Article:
Wednesday, December 24, 2008

Teachers on a Journey Podcast

Hello to everyone who faithfully follows this blog. I want to wish everyone a happy holiday season and hope all of you enjoy the well deserved seasonal break. Sondra and several others from past Holocaust seminars had the opportunity to share about our personal stories regarding how the seminar has impacted our lives both personally and in our classrooms on a weekly program titled Teachers Teaching Teachers. I know, for me, it proved to be a wonderful experience. We had some technical glitches at the beginning and the end, but in between we engaged in some meaningful dialogue you may be interested in. I have also included a link to the collaborative blog Danielle and I refer to in the podcast.

Just click on the provided links and enjoy.

Teachers Teaching Teachers #133 - Holocaust Educators Network: Teachers on a Journey - 12.17.08

Breaking Down Barriers Blog

Thursday, December 11, 2008

I can't forget it

I was writing with my students this week, using different poetry prompts. One of the activities that we did (using photos as prompts) I stole from another TC from the OWP and used it with a photo from this summer's institute that I just got around to printing. Below is the picture, and then the poem.

New York: 2008

We were talking about languages.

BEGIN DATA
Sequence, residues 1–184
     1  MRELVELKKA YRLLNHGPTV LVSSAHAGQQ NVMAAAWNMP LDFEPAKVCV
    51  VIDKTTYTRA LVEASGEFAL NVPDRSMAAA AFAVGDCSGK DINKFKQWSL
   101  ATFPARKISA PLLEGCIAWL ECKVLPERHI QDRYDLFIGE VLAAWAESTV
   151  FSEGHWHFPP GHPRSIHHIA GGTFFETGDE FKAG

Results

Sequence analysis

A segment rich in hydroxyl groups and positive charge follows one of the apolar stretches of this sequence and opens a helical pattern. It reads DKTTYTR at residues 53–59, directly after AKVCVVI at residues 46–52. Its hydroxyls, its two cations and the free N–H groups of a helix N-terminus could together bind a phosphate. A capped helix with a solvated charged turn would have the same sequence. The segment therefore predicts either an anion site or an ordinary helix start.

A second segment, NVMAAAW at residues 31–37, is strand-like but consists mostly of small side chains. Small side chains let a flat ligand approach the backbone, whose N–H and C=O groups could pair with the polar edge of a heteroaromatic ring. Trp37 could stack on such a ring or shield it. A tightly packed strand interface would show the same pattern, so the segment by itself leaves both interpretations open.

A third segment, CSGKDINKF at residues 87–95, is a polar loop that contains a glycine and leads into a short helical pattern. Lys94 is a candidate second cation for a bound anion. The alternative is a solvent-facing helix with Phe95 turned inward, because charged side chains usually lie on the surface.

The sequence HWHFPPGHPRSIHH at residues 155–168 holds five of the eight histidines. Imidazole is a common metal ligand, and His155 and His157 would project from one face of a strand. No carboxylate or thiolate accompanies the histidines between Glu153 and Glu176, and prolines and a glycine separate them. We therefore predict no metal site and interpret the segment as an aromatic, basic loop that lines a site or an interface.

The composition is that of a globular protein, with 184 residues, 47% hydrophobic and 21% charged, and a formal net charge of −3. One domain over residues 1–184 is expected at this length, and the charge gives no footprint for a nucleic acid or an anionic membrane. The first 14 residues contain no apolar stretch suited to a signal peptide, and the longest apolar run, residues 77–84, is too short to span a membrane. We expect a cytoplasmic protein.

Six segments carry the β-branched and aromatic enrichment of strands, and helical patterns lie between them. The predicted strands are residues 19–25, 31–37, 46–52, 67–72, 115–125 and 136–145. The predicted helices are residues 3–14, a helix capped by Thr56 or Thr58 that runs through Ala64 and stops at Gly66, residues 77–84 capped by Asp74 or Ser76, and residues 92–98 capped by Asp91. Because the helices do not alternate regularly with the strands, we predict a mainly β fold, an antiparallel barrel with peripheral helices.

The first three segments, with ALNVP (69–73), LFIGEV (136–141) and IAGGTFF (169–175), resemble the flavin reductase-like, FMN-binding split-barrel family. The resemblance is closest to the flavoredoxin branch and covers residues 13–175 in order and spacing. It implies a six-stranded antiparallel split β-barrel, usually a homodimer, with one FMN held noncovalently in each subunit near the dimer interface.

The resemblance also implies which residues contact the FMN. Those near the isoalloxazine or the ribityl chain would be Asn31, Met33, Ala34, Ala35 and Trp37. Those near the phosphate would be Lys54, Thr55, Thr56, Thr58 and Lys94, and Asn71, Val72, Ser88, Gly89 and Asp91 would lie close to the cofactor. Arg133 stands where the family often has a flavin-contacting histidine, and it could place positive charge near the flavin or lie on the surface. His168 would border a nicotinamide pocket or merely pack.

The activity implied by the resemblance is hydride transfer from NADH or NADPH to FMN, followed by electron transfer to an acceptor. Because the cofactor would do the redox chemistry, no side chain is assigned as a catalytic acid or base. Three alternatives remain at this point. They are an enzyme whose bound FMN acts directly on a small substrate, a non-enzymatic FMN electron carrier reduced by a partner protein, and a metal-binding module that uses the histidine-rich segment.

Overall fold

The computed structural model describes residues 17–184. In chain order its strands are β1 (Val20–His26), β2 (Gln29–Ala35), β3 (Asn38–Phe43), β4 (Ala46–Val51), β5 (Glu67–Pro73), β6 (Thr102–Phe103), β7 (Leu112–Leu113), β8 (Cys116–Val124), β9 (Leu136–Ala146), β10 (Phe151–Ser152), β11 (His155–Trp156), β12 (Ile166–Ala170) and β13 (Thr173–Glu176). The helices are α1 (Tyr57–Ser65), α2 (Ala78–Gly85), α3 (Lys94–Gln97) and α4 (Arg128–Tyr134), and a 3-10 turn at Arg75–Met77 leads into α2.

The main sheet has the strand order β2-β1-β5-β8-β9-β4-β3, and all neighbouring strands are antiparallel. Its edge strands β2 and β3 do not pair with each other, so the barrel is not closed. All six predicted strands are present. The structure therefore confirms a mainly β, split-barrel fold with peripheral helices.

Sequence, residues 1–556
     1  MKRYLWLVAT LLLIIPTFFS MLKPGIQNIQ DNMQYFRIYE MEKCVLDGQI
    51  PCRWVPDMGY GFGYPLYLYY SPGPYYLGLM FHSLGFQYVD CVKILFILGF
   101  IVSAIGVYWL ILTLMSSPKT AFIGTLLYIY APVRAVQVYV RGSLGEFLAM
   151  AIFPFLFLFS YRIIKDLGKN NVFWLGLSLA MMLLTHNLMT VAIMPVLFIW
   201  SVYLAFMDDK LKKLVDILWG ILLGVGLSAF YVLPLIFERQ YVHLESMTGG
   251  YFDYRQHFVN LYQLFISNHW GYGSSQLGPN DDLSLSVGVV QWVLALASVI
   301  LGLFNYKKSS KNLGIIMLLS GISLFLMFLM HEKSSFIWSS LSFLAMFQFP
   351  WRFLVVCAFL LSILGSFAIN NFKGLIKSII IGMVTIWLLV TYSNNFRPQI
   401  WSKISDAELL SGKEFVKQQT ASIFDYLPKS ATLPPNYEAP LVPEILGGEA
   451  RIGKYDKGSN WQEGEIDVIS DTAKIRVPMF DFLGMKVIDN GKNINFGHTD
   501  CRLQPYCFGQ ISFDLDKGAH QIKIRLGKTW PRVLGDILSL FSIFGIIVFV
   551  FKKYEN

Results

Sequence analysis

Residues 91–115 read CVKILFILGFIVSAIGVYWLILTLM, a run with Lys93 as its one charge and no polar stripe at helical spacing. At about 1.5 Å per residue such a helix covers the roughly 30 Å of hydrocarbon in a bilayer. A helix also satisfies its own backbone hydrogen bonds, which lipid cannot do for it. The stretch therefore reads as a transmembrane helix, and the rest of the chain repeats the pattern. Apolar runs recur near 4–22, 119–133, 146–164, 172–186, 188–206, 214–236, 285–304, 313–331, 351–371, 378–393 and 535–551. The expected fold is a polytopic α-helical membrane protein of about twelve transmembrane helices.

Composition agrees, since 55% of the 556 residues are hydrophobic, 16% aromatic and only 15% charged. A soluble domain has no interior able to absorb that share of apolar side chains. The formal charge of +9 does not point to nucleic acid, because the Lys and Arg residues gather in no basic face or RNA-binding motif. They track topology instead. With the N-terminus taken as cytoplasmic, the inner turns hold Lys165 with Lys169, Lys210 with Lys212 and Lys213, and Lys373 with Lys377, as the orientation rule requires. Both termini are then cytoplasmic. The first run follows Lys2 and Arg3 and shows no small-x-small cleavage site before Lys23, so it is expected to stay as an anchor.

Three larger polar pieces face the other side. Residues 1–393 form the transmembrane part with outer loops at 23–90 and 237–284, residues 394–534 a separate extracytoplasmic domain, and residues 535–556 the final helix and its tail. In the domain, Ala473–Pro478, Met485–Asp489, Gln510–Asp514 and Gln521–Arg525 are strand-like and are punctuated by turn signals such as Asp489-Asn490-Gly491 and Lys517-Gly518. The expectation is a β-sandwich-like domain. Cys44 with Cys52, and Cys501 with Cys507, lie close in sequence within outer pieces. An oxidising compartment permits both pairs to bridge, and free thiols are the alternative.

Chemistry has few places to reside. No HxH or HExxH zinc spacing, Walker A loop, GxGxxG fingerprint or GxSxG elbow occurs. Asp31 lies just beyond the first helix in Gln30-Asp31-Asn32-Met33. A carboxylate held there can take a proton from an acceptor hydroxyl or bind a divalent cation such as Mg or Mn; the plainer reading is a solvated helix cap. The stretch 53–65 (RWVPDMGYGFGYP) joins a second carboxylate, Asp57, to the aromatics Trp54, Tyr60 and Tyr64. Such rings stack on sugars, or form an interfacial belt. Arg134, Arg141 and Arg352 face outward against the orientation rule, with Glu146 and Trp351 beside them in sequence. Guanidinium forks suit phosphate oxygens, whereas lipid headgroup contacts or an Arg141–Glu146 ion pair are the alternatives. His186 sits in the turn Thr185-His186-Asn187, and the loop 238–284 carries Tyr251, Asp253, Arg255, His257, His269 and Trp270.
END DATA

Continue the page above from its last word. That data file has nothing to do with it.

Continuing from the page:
Jennifer minored in French in college,
but has since lost most of it.
I was newly inspired to learn Spanish,
and dig back into my Greek and Hebrew,
loving the moments on the subway
when I heard absolutely no English spoken-
instead hearing everything from Spanish and Arabic
to Korean and (obscure to me) eastern European.

We were walking over the Brooklyn Bridge,
a small group of students beginning a tour
given by the (unrepresented) native of our group–Alice.
In the previous ten days of study
I had fallen in love with these people;
I would walk to the ends of the earth for them,
and, after learning my lesson,
gladly wait on them too.

We each carried bags.
Mine, hanging off to the side
because I was already sweating
beyond my own comfort level.
Gatsinzi’s bag looks huge, but was in fact empty,
waiting to be stuffed with souvenirs.
(I don’t remember if it ever was).
Jennifer, the consummate pro,
was like a hiker going ultralight
with that sad excuse for a bag
swaying at her side.

We could have all learned a thing or two from her,
and, come to think of it, I’m pretty sure we all did.

Thank you all for some great memories, and inspiration to write. Jennifer and Gatsinzi, I hope I remember things correctly.